“This harkens back to 2010, when the Tea Party essentially upset the established Republican candidates for the Colorado governor and Senate races, and it clearly demonstrates that the grass roots of the party remains very conservative and is unwilling to unite behind the presumptive frontrunner,” Ciruli said.  Denver Post, 2-7-12

2.      Santorum came to Colorado repeatedly while Mitt Romney and Newt Gingrich were battling in Florida and Nevada.

“Santorum played it smart, Ciruli said.  While Romney and challenger Newt Gingrich exchanged expensive blows before the Florida primary, Santorum went to Colorado and the Midwest to appeal to the conservative arm in the Republican Party.  He targeted the three states that would likely have low turnouts and had large numbers of enthusiastic and conservative voters, Ciruli said.”  Denver Post, 2-7-12

“Floyd Ciruli, a Denver-based political analyst, said while the other candidates were focused on Nevada's caucus last weekend (where Romney easily won and Santorum came in a distant last), Santorum was attending a Lincoln Day Dinner in tea party-friendly Weld County, Colo., and drawing a record crowd.  Also, Ciruli said, Romney seemed to take Colorado for granted.”  Morning Call Washington Bureau, 2-8-12

3.      Turnout, while slightly below 2008, was dominated by Santorum’s conservatives.

            70,000 caucus attendees in 2008 – Romney 60%
            66,000 caucus attendees in 2012 – Santorum 40%

4.      Conservatives want to win the general election, but were not willing to endorse the candidate labeled as the “establishment moderate” and not convinced a lack of sharp contrast makes a winner.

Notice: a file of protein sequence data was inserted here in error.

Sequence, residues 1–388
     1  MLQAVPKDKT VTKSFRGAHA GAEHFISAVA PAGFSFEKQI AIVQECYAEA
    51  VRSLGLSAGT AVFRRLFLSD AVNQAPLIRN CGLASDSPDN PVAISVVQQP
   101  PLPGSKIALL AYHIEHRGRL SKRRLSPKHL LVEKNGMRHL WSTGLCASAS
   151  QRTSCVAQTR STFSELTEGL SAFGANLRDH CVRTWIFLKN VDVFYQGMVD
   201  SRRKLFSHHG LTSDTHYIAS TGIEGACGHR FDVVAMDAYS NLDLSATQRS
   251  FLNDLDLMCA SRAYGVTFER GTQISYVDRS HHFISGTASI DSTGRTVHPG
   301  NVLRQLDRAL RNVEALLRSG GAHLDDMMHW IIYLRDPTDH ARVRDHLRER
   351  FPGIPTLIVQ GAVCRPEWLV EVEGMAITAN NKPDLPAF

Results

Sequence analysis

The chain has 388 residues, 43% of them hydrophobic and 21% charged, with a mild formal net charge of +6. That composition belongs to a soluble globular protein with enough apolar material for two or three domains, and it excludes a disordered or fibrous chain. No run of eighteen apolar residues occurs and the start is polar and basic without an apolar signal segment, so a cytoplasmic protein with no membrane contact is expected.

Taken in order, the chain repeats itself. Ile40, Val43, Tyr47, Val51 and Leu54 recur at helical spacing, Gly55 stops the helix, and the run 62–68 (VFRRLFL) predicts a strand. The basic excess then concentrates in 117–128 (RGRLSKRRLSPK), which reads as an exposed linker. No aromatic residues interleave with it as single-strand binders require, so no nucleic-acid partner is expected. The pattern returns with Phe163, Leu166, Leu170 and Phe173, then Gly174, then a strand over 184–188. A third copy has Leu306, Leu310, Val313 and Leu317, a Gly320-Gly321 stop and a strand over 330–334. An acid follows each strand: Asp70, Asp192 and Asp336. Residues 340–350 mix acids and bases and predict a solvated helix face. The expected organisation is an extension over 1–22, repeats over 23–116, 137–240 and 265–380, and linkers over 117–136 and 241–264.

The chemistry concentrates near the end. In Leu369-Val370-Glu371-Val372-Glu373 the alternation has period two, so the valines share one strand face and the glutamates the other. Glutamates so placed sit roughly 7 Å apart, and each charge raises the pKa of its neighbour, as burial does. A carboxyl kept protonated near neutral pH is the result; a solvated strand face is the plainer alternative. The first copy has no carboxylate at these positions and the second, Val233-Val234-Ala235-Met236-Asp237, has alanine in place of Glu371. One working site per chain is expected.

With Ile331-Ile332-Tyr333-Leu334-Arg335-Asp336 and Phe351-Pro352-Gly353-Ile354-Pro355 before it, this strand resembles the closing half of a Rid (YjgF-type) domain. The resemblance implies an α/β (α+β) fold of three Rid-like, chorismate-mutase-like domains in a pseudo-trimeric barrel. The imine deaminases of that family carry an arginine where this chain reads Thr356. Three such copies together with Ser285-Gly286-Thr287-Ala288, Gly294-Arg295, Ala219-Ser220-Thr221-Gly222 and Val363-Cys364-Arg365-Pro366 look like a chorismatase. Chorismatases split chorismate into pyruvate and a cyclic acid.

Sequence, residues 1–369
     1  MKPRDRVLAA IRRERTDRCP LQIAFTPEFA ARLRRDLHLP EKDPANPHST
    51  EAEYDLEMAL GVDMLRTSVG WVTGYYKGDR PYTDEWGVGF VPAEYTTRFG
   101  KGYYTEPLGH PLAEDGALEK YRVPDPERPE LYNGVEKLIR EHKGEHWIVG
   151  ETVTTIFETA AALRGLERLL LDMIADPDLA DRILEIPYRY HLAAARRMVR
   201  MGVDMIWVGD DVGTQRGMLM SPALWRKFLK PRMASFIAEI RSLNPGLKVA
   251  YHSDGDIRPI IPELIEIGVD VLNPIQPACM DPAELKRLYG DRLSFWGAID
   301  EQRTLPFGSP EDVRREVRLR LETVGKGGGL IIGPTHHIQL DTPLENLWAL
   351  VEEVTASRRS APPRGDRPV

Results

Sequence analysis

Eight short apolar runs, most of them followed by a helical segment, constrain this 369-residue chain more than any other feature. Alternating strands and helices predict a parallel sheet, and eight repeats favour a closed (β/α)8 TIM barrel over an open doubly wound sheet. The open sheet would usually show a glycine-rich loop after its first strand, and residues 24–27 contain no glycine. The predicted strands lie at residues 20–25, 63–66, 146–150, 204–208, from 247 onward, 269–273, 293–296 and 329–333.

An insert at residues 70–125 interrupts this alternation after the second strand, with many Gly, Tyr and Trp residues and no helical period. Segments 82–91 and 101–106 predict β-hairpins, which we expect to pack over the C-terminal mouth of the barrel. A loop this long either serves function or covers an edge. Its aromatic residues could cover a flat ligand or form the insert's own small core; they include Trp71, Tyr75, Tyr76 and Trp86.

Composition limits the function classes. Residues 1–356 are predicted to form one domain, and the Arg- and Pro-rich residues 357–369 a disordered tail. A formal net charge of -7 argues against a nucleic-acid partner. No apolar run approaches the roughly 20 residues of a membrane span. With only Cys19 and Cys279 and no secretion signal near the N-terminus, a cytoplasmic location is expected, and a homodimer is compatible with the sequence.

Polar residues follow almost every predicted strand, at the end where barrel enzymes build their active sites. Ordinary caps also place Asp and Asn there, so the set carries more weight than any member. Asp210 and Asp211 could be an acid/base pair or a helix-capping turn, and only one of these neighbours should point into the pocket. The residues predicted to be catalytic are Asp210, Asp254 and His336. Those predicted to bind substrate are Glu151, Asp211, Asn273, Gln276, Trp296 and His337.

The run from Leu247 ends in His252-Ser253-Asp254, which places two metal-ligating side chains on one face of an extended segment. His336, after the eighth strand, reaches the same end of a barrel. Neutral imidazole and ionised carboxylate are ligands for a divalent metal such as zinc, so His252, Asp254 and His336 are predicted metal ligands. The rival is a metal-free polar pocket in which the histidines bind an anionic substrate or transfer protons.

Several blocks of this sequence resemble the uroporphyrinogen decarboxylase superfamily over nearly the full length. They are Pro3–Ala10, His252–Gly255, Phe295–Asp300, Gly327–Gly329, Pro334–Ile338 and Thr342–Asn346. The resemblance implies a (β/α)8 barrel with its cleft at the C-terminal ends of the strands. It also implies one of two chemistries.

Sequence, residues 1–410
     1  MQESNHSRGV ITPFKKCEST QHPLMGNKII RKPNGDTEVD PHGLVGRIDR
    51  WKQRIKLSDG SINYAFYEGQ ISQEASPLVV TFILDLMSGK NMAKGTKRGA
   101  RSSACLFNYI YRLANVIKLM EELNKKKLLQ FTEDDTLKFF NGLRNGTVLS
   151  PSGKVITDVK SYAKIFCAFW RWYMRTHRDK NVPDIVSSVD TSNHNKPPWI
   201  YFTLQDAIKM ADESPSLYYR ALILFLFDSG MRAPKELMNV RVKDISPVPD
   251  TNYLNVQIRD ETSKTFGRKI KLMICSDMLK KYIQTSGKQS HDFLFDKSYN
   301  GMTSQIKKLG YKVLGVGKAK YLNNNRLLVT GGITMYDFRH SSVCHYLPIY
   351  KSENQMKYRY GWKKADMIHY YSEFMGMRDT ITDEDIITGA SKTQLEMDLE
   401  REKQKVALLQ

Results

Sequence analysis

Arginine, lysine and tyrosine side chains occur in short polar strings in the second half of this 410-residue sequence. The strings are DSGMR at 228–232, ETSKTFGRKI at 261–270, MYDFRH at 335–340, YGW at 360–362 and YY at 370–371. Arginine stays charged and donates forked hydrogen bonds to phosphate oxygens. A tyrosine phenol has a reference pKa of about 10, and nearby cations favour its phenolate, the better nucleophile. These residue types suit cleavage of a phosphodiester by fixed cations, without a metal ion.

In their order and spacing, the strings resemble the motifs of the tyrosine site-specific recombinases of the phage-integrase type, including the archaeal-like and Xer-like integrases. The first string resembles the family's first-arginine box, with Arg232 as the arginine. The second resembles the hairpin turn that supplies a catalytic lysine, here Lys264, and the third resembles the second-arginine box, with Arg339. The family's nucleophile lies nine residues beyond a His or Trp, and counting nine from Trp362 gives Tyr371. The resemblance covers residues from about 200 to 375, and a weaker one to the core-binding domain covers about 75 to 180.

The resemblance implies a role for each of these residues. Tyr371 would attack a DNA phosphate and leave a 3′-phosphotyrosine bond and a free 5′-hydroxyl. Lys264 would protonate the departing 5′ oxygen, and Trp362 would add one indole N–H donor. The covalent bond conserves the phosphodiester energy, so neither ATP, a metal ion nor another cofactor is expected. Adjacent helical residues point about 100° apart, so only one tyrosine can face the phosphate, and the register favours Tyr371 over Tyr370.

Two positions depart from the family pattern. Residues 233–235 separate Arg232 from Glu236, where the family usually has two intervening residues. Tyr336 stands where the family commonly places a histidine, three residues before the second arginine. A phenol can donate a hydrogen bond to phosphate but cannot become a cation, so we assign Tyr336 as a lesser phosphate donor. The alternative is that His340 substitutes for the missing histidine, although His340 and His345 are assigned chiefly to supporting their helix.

“And Ciruli sees a deeper problem for Romney: GOP voters are rejecting him as the ‘establishment moderate.’

‘This is a party that desperately wants to win — that sees Obama as terribly dangerous,’ Ciruli said, ‘but they still are not willing to give their vote at this point to someone not filling their aspirations.  They’re just not willing to do that.’”  Morning Call Washington Bureau, 2-8-12

5.      Romney won Colorado by 60 percent in 2008 against John McCain.  But, he was positioned as the more conservative candidate.  The last poll before this primary had Romney with 40 percent to Santorum’s 26 percent, but robo polls have difficulty identifying caucus attendees.

“9NEWS political analysts have said our state could weed out a bottom contender, and perhaps set the pace for the rest of the western United States.

Even though Mitt Romney won Colorado in 2008 with 60 percent of the vote, this time 9NEWS Political analyst Floyd Ciruli says it’s not in the bag for Romney.

‘He’s going to have some concern about the fact that he is now seen as the more moderate person - four years ago was the conservative against John McCain so he’s seen as the more moderate person against this array of conservatives,’ Ciruli said.”  9News, 2-5-12

6.      The Santorum victory reflects vulnerability for the party.  He will have a significant challenge attracting moderates and independents that control winning Colorado’s statewide votes.

“‘It shows Colorado remains the model out there for the Republicans for the challenges that they face.  They are trying to find a candidate who can appeal to both the conservatives in the party and the independent voters,’ Ciruli said.”  Denver Post, 2-7-12

The Colorado caucus results were a major upset and changed the game.  The Republican nominee may still be Romney, but it will require a long slog.

See articles:

Tuesday, February 14, 2012

Santorum Now in First

Rick Santorum has now taken over first place in the national standings after his triple wins in Colorado, Minnesota and Missouri.

National polls now confirm what was clear in Colorado’s caucus events on February 7, it was primarily a competition among supporters of Santorum and Romney.

He has moved ahead of Mitt Romney and Newt Gingrich in the national polling average and in second place behind Romney in delegate count.